At their age, I was chasing kids and trying to keep them from cliff diving from our roof. ( Yes, they really did climb on the roof and jump off… into a pile of leaves and one of them did, in fact, put a branch through his foot. Thanks Uncle Nic, for watching them that day.. great idea. )
We didn't have the time or the money to travel to the world's best beaches. We were trying to keep our kids and ourselves with a roof over our head.
Now after almost all of the kids have left… and came back.. and left. Oh wait.. some are here, waiting for another one to come back. Yeah.. that room is empty now. Now after we have gotten to a better spot in our lives, it is our time to travel the world and enjoy all that we worked so hard for.
But the one thing that I really have to embrace is that I just don't give a shit about being perfect. There is so much pressure to have the perfect body, to travel so many times a year to places beyond, and to live this giant life. I am telling you that there are plenty of great moments to be had by just looking around, taking a trip to the neighbor town and exploring new places in your own state.
You don't have to break the bank to carve out time and a quiet moment enjoying the summer breeze at a local state park. You can chase your travel dreams and still be smart about where you go. I love the advice that I embraced many years ago.. If it looks too good to be real, it's probably fake. Don't take the fake. Say no to fake bodies, fake friends, and fake living.
My husband and I like to travel. When we get a chance to explore new places, we are usually up for an adventure. We have voyaged across the country several times in search of unique places and adorable small towns.
We like to try new things and often we are thrilled to find local favorites off the beaten path. So when our friend asked us to come with him on a fun get-away trip to the unusual town of Columbus, Indiana we were up for it.
Like us, Nick loves exploring new places and finding dining experiences that don’t belong to a chain. So we make great travel friends and the anticipation of a week-long adventure made us giddy with excitement over our travel plans and the food!
Getting on the road began with flying to Kentucky.
Our adventure to this unique little town began with a flight to Lexington, Kentucky. This airport is one of the nicer airports I have visited.
We travel a lot and when you find an airport with clean bathrooms, plenty of seating and enough power outlets for charging electronics you find that everyone is a little happier.
After renting a car, we were headed out of town for a 2 hour drive towards Columbus, Indiana.
The countryside is beautiful. Lots of wide open spaces hold room for horse country and plenty of green space.
My husband and I usually enjoy car trips, especially when we have lively conversations Nick is always good for striking up odd conversations that go on for hours and car trips go by fast when he’s around.
However as we started getting closer to the area we would be staying, the conversations grew quiet as we found ourselves in a barren bleak area. The buildings looked like they hadn’t been maintained since the early 60’s and as we grew hungry our concerns mounted. Where in the world had we ventured to?
We need Food!
After searching reviews on Yelp for local favorites we pulled into a quaint Mexican food place. I however had to pause as I approached the door and read the specialties: Tongue, Liver, and Chicken.
As a vegetarian you learn very fast to ask questions because eating animal products when you haven’t in a long time or ever leads to a fast reaction in your stomach and that is NOT something you want to happen on a road trip.
“Is there lard in the tortillas?” my husband asked the hostess. “Yes?” she asked puzzled.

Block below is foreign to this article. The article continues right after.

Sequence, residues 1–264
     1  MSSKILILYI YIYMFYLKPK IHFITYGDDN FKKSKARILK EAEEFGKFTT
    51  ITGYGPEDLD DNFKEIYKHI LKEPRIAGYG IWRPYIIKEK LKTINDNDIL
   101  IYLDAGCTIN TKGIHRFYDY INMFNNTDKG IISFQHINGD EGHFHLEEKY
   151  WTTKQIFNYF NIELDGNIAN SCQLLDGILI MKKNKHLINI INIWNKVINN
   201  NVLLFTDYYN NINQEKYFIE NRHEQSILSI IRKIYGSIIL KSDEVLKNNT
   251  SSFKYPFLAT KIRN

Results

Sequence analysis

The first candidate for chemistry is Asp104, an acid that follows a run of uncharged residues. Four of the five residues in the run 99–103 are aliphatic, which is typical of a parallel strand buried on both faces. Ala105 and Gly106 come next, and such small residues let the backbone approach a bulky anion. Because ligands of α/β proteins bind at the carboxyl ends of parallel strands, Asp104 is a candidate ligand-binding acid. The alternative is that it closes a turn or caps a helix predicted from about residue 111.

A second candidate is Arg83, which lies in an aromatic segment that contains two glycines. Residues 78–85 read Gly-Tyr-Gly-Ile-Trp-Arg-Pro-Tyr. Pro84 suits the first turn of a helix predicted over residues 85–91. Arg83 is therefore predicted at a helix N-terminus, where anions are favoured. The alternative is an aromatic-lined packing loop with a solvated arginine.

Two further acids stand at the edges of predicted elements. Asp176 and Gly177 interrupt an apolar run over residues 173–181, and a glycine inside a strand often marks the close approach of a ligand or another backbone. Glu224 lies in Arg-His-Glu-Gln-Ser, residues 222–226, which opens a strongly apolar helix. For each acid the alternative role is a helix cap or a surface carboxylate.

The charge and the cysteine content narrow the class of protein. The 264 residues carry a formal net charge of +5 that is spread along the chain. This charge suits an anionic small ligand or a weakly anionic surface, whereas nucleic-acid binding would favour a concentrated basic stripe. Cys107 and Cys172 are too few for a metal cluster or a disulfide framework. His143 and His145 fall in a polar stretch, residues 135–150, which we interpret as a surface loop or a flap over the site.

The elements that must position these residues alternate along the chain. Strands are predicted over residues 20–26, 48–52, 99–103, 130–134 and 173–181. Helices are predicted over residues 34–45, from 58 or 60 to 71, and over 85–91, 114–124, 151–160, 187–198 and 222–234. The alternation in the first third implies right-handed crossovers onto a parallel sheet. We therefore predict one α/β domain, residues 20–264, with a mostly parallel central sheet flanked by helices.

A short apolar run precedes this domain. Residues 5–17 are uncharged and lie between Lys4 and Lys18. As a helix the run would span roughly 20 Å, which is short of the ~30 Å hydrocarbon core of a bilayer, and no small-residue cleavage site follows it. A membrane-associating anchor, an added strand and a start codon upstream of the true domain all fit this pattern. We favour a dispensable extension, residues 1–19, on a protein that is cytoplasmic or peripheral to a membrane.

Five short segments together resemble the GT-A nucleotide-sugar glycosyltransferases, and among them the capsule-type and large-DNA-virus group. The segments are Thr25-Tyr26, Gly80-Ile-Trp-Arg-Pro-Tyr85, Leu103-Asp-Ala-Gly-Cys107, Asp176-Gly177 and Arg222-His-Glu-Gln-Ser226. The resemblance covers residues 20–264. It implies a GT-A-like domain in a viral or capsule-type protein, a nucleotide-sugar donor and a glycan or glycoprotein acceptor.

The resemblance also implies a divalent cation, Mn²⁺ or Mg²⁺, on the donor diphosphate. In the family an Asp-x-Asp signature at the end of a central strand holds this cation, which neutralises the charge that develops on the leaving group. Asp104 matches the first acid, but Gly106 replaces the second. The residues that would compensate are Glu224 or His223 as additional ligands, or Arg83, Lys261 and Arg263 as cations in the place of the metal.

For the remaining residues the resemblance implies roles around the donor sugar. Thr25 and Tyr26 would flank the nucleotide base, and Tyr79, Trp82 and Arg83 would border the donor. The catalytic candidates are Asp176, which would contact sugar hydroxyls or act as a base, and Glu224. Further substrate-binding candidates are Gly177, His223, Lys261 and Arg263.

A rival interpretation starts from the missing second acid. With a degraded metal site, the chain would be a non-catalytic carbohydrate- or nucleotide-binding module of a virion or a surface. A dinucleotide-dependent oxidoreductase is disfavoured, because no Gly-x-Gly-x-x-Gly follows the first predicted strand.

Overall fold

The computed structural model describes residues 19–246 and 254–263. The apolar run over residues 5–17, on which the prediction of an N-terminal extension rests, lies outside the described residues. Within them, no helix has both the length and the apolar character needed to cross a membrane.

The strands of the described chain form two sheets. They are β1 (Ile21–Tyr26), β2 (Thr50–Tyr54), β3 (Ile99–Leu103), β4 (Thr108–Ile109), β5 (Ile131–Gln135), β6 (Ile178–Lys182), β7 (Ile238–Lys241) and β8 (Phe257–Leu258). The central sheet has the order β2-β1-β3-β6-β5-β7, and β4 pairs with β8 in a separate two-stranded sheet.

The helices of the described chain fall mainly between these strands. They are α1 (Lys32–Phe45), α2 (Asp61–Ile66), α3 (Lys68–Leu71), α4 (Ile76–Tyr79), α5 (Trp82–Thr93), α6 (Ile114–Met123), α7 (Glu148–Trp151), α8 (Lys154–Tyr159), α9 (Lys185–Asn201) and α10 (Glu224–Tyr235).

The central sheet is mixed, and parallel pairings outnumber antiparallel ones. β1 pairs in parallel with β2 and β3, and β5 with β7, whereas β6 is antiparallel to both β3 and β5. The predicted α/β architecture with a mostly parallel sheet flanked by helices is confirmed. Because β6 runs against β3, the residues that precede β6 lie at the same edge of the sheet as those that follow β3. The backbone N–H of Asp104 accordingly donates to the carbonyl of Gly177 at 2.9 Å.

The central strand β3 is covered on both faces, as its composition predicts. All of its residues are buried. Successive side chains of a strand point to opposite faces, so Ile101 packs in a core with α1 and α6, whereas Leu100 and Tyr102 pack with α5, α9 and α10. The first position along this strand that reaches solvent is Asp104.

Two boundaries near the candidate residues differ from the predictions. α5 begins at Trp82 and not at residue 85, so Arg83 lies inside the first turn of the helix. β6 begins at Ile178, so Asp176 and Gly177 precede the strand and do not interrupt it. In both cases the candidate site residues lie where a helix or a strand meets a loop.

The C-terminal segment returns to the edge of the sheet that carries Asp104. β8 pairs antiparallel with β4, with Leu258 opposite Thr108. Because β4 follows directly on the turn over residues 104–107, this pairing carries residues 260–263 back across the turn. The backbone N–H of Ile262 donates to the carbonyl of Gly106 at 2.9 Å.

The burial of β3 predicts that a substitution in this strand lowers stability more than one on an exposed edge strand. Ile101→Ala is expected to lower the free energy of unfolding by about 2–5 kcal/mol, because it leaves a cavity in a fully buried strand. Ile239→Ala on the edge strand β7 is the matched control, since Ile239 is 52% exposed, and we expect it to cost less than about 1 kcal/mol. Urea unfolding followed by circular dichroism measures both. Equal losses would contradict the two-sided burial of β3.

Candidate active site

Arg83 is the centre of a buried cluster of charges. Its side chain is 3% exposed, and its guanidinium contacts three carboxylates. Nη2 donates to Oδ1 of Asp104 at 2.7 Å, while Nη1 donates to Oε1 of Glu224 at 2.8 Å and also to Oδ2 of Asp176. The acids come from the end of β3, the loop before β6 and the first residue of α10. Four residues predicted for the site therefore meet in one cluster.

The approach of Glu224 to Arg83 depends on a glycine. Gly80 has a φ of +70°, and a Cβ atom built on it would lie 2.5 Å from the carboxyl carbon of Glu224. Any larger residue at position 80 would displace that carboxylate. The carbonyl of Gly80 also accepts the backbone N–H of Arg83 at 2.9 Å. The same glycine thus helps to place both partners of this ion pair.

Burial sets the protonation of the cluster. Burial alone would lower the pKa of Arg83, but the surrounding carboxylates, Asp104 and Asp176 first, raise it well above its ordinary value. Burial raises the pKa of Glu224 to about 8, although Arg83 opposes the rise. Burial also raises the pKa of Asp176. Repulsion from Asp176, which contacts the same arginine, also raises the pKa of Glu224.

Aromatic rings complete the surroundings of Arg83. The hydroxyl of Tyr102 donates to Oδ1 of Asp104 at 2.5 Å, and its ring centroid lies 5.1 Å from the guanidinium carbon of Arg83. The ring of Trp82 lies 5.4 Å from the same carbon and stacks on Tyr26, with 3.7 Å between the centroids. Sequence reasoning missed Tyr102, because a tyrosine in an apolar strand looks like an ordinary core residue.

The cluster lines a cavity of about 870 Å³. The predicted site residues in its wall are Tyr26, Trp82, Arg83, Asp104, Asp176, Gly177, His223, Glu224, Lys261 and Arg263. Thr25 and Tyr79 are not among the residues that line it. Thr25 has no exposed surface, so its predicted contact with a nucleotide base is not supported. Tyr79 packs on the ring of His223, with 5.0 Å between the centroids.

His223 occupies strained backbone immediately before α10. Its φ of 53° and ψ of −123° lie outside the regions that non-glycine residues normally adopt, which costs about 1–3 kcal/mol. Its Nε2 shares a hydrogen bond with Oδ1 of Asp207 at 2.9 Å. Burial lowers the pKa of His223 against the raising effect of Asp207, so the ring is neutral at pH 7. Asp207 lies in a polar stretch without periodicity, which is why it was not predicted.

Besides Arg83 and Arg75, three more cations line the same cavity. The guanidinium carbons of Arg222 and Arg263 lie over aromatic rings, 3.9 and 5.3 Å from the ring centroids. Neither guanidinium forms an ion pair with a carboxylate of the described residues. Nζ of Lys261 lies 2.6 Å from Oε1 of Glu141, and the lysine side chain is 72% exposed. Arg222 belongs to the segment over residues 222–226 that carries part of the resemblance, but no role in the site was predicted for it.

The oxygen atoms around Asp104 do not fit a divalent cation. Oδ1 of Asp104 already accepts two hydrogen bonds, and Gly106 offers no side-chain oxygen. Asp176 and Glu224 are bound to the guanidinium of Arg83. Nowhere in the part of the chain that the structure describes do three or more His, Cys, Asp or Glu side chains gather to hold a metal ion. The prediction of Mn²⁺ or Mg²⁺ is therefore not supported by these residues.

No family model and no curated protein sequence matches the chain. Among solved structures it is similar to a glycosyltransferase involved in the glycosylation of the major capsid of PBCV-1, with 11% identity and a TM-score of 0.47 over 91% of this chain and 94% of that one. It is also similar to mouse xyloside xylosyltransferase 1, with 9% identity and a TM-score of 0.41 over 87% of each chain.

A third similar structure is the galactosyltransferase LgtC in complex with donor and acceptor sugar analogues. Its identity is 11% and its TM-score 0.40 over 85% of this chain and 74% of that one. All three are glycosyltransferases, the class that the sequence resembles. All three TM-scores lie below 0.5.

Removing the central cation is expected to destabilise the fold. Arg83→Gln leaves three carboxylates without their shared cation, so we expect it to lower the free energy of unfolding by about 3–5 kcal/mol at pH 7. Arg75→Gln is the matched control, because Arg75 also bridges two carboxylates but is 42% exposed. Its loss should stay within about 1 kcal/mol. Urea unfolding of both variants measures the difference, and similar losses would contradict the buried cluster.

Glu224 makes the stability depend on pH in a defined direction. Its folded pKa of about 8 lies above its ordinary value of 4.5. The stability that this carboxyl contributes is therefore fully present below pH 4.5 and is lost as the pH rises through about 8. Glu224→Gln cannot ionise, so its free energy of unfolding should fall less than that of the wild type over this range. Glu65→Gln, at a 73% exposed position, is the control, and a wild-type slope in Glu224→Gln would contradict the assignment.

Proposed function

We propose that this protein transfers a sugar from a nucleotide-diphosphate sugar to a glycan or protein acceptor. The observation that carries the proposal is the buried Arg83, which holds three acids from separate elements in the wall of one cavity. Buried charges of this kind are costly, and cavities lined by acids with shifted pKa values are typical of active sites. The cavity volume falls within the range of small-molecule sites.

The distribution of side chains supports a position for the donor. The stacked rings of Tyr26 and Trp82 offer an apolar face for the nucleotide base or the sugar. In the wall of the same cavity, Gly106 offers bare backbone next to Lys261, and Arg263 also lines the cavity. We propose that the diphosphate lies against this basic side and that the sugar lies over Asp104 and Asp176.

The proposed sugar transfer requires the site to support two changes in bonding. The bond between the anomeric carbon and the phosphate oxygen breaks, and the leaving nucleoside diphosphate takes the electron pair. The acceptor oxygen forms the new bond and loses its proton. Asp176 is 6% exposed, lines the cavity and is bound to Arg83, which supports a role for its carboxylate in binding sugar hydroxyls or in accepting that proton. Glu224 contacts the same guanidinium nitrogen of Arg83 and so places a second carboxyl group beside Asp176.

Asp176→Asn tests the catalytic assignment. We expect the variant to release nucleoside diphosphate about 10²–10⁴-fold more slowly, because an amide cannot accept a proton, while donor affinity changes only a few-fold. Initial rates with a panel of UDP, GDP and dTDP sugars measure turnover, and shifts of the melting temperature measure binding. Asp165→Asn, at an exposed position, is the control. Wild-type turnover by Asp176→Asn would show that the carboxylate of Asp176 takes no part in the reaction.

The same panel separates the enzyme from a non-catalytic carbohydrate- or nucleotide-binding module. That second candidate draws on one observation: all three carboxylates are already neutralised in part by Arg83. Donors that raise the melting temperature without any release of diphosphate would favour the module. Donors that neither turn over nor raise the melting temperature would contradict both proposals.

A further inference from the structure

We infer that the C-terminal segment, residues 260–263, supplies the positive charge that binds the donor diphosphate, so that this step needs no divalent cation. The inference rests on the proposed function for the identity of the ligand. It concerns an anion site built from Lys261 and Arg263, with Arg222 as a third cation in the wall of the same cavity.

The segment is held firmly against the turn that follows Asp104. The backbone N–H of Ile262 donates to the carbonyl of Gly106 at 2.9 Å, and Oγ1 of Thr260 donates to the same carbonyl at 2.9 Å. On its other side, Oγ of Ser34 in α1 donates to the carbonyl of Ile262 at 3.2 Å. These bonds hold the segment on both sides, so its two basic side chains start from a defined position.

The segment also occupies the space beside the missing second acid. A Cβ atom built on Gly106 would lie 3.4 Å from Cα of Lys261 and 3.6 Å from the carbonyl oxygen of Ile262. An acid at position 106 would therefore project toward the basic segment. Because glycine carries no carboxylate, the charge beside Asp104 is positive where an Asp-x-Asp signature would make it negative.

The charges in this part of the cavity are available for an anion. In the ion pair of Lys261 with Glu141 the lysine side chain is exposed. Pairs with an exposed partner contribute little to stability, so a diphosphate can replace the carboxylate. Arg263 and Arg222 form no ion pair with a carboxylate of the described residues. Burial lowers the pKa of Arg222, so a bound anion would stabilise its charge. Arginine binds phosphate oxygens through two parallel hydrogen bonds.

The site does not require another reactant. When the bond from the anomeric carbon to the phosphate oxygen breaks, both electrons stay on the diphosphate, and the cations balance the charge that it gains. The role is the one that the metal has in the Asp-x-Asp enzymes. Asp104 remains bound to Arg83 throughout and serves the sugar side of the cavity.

“What about in the beans and rice?” He asked, thinking over our food options here. “Of course!” she responded quickly
And we turned right around and politely left, then got to the car and sat there wondering if we were going to have this problem all week. Looking around the area, our trepidations grew. Maybe we should have planned this out a little better?
Road Trip Advice: Always have a food plan.
However Columbus, Indiana is a sweet Mayberry town full of surprises and delights. And boy we did find some great places to eat on our stay.
Bistro 310 is a hip place with an expansive menu full of original creations from a top chef. The starter of Garlic Fries was a great way to begin a great lunch. The Caesar salad is a large plate with fresh lettuce and a house made dressing that was perfectly balanced. The Green burger is a freshly made veggie burger that is indeed green and filled with flavor. Similarly the Green Pasta is a green pesto sauce with goat cheese and pine nuts. The service was fantastic and it certainly changed our first impressions of Columbus.
Or next stop was to check into the Hotel Indigo. This hotel is beautiful and very unique. We stay in a lot of hotels and my biggest complaint with them all is the dark hallways of the upper floors. They all have the same feel, except for the hotel Indigo. When the elevator doors opened I had to gasp at the bright contemporary feel of the hotel’s hall. Hardwood floors and bright colored walls filled with gorgeous artwork greeted us and led us to our hip modern rooms. Outfitted with comfortable furniture, a keurig coffee maker stocked with a variety of teas and coffees, and available upon request… a beautiful aquarium with fish.
Miles, the hotel ambassador dog gave us a warm greeting and melted us with his cuteness. A pet friendly hotel was something unusual and very cool. We can’t wait to come again and bring our dogs to meet Miles.
The rest of our stay was filled with delightful little shops, a tattoo parlor where Nick got some work done, and an ice cream museum with amazing ice cream. You will learn all about about soda fountains and mechanical music at Zaharakos.
All in all we had a great adventure in Columbus, Indiana. The local shops are unique and most of them take credit, however they are a little slower because everything is rang up the old fashion way. Some of the restaurants do not take credit, so bring cash.
Columbus is a quiet but cool little town. It's great for walking around and checking out the town's historic buildings. It is one of the safest cities in the United States and people there are very nice. If you are more of the outdoors kind of person, there is a canoe livery, Blue's Canoes, that offers canoeing, rafting and kayaking trips on the nearby Driftwood River.
Have you ever been to Columbus, Indiana? What did you do and what did you enjoy the most?